My Version of Trust
Here’s my side of the story. Inspired by Helen Keegan and Bonnie Stewart, two women I love and trust. Yes. I have known Bonnie for about 9 months now, and I count her among my close friends. I have known Helen for about 3/4 days, and I project we will be close friends…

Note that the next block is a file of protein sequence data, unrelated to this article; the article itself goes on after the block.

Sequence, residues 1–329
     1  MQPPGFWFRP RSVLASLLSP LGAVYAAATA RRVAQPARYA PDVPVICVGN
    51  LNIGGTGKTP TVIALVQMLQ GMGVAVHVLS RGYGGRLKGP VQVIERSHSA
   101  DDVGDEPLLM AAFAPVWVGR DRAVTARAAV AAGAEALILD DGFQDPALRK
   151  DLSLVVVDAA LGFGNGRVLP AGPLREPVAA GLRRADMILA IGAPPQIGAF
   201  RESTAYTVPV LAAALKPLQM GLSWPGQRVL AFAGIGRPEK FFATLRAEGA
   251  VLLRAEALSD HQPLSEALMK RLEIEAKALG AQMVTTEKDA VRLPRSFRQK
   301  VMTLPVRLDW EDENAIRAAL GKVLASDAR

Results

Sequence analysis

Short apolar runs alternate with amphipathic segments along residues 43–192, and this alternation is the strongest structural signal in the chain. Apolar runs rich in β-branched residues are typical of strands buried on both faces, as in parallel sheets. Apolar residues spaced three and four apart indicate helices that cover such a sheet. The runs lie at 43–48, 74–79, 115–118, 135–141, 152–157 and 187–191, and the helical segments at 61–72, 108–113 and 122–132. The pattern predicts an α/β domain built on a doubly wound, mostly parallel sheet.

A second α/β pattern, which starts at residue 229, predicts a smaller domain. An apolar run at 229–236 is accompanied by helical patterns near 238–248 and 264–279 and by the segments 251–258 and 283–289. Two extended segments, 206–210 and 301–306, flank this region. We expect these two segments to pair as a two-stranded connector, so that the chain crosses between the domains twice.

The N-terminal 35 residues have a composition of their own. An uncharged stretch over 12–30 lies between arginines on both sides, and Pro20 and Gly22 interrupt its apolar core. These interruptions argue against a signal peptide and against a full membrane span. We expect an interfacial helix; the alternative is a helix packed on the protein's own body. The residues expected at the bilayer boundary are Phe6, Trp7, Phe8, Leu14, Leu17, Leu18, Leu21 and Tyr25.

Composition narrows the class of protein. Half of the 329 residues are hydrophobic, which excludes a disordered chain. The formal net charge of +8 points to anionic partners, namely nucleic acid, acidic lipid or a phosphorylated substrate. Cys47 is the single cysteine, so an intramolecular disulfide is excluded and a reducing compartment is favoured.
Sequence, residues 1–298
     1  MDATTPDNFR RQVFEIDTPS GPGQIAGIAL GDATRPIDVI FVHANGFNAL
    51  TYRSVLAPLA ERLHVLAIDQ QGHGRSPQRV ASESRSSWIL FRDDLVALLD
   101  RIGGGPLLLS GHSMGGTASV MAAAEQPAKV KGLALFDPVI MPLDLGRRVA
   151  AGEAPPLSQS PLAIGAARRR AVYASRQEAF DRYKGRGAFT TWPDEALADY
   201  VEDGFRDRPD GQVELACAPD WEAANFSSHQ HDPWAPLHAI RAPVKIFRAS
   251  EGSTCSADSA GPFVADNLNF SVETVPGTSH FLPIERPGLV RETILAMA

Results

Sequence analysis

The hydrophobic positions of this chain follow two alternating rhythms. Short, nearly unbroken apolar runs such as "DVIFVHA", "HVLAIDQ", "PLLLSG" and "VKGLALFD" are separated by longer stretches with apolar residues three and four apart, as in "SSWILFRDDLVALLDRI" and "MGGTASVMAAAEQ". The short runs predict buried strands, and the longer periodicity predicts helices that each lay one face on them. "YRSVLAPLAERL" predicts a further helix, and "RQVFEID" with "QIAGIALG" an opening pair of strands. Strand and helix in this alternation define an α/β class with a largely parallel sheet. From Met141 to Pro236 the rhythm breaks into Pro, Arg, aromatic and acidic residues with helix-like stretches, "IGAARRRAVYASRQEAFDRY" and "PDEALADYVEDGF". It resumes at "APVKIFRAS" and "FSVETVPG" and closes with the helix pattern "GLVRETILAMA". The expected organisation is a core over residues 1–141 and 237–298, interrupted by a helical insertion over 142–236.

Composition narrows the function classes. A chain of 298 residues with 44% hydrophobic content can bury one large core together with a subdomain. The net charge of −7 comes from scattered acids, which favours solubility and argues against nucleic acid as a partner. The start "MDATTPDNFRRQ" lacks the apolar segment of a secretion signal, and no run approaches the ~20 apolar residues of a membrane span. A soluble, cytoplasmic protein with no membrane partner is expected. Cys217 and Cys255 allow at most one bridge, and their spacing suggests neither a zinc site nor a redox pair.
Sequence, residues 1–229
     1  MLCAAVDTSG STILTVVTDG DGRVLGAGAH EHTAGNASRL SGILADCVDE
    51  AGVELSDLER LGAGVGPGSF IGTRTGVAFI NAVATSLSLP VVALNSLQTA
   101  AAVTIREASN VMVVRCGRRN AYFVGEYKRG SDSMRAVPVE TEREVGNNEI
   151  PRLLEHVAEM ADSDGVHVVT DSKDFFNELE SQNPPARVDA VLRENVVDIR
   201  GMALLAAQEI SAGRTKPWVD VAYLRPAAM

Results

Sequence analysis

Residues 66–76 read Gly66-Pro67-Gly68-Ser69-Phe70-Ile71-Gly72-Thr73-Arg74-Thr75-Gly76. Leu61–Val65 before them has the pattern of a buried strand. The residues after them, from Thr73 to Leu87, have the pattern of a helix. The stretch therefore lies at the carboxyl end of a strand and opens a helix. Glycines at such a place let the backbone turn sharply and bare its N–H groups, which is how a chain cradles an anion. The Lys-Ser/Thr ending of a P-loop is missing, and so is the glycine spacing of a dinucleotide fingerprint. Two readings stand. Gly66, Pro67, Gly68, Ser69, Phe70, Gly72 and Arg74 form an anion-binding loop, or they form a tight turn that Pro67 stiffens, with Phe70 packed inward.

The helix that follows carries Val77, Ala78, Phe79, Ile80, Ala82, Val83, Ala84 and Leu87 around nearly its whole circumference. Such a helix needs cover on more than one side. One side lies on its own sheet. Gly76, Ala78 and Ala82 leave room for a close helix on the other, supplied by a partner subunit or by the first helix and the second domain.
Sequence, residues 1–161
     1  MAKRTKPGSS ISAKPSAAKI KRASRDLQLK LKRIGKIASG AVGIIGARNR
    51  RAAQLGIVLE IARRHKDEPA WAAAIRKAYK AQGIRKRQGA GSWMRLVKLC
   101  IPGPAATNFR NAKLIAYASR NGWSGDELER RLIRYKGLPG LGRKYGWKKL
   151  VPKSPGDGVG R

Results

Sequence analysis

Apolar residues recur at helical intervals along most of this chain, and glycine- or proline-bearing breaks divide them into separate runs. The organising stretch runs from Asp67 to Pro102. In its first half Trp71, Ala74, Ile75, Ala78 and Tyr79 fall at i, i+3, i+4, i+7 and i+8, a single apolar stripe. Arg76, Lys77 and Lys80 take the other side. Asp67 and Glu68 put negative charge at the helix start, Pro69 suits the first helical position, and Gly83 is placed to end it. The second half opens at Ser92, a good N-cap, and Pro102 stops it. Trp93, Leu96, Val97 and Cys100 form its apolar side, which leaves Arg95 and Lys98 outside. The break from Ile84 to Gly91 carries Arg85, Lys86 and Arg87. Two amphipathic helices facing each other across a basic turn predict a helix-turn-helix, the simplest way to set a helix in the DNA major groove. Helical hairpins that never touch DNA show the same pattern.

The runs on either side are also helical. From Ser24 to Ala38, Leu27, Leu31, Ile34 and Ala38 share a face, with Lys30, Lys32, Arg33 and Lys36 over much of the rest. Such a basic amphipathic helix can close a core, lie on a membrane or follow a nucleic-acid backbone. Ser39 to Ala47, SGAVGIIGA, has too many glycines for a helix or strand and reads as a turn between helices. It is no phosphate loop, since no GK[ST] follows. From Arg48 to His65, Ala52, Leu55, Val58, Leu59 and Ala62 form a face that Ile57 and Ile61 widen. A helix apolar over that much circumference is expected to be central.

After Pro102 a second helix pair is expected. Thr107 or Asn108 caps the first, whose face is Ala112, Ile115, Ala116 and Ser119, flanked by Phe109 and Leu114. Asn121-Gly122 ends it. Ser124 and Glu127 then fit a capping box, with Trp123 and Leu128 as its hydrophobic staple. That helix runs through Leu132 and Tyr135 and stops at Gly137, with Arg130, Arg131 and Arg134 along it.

I met Helen Keegan a few days ago (Monday, I think) when she posted a very warm comment on my blog with a wish to have a tea/coffee – and when I noticed she was in the UK, i thought, let’s hang out! Similar timezones! Since that moment, we have tweeted, DM’d, emailed, and somewhere in between I asked if she was a facilitator in #ccourses and turns out she is. This is really funny, coz she’s a facilitator of THIS UNIT we are in. I just had never heard of her before (whereas I had known most others so far at least by name, like Mike Wesch, Mimi Ito, and had interacted before with others like Cathy Davidson, and am actually connected with others like Jim, Alan, Howard…). So I think I had not noticed her. This is important for one thing: I was not star-struck, so I was totally comfortable tweeting a lot to her. Ok, so to be fair (as she and I said to each other today on Skype) there are a lot of the big names in ed tech who are really open and friendly and accessible. People like Jim Groom (most ppl know my story with him), Dave Cormier, Alan Levine and Howard Rheingold (also the Hybrid Pedagogy folks). They’re accessible. But to be honest, I still remember the first time Dave tweeted back and followed me and commented on my blog, and I thought “oh my God, I am talking to Dave Cormier”, and when Bonnie and I started DMing, and she shared my writing with her students; and the moment Jim Groom asked me to work with him virtually on his workshop for #et4online and I was like “what? What? Jim Groom picked ME?” And when Howard Rheingold commented on my blog and I was like, “oh my God, Howard Rheingold commented on my blog”. I keep thinking this will get old, but again, I remember when I heard Dave call me his “friend from Egypt” in an #ihaq hangout and how that felt; or when Alan blogged things that related to conversations i had with him, or when Pete Rorabaugh started responding to stuff I had written, or when Audrey Watters told me she’d been reading my blog…